We try to err on the side of caution. Be careful here, if it’s possible that something strange might be returned protect against this. This finds bugs, that’s why it’s so valuable. You also need to understand the power and weakness of flow analysis. The power of flow analysis is that it goes through the code and tries to find hot spots and find problems around the hot spots.
The weakness is that it is going some number of steps around the code it’s testing, like a star pattern. The problem is that if you start thinking you’ve cleaned all the code because your flow analysis is clean, you are fooling yourself. Really, you’ve found some errors and you should be grateful for that.
The real question with flow analysis is the amount of time you spend going through results to find false positives, suppress them, and fix real bugs quickly before it goes into functional testing where it would be more difficult to find with debugging.
Lets say you spend an hour to fix and suppress a dozen flow analysis items at something like a 50% false positive ratio , which is pretty nasty. Now lets say one or two of these real bugs leaks into field, by the time you get info back from the field report to support and development, it may cost a half-day or even 2-3 days of time to address the issue. It is your decision which way is more time saving and effective.
In addition to flow analysis you should really think about using runtime error detection. Runtime error detection allows you to find much more complicated problems than flow analysis can find. Runtime error detection doesn’t have false positives, because the code is executed with a known value and had an actual failure.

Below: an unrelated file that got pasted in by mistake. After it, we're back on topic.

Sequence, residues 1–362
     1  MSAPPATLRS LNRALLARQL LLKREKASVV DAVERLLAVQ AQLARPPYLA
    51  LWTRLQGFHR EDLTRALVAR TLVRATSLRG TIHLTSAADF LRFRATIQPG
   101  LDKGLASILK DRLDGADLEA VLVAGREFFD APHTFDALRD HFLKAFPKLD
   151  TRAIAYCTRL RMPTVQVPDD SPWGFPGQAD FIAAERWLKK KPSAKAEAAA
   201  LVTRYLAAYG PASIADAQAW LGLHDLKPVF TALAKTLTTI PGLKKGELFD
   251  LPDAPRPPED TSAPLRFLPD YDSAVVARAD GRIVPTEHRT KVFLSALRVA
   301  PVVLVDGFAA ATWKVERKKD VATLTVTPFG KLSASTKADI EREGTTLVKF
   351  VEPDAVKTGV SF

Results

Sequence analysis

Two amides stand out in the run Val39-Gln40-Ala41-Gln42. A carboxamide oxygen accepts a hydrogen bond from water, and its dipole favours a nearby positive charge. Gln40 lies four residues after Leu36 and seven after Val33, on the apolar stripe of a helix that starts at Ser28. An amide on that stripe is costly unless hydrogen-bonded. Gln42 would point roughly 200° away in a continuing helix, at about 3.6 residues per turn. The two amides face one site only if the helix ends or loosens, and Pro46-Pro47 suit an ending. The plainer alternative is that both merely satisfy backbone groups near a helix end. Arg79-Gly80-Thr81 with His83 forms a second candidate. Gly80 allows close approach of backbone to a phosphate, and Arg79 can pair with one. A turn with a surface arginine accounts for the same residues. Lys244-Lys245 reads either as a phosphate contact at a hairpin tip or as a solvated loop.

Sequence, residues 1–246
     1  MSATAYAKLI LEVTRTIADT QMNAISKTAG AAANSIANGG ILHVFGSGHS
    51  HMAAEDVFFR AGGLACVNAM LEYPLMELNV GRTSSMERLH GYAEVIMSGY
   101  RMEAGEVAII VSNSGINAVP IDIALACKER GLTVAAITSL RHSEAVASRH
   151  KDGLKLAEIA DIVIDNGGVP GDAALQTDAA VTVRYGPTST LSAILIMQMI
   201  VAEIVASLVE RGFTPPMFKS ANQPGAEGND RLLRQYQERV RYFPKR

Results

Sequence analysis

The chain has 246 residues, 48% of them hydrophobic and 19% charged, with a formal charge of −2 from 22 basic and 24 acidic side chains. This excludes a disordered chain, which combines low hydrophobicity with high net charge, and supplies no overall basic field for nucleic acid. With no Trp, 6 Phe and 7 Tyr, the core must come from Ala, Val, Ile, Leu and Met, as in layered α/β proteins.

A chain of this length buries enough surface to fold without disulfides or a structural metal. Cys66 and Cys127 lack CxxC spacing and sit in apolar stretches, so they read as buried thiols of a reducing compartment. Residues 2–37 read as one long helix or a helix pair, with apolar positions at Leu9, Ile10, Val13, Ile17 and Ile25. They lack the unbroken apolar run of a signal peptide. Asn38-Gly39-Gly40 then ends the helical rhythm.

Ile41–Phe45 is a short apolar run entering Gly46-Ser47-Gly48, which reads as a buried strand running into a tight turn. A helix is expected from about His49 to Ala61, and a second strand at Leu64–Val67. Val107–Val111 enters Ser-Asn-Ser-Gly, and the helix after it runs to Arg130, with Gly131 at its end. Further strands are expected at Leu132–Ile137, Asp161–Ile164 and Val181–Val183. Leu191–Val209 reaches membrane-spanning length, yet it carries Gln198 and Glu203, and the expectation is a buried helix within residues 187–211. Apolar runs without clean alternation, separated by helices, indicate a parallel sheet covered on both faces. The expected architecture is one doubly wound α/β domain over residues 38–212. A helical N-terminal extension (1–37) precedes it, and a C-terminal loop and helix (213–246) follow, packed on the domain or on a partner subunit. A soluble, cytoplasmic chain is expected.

The key to success is to choose which rules you want to adhere to, and then get the code clean progressively. Which means start with code you’re currently modifying and extend it throughout the code base until you are done. At some point when you see that there are very few violations, you can run it on the whole code base, rather than just recently changed code. In other words, set a small initial rule set with a cutoff-date of “today”.
Then when you see violations dying out, add new rules, run it on the whole code, and review – we’ll discuss how to do the review in a moment. But we recommend extending the cutoff-date backward before adding new rules, because your initial rule set is only things that you feel are critical.
Rules/configurations should really be based on real issues you’re facing. IE if you take feedback from QA, code review, field reported bugs, etc. and then find static analysis rules to address those problems.
Sometimes developers fall into the trap of labeling any error message they don’t like as a false positive, but this isn’t really correct. They may label it a false positive because they simply don’t agree with the rule, they may label it because they don’t understand how it applies in this situation, or they may label it because they don’t think it’s important in general or in this particular case.
The best way to deal with this head-on is to make sure that the initial rule set you start with has a small number of rules that everyone can agree on. It should product reasonable results that can be dealt with in a reasonable amount of time.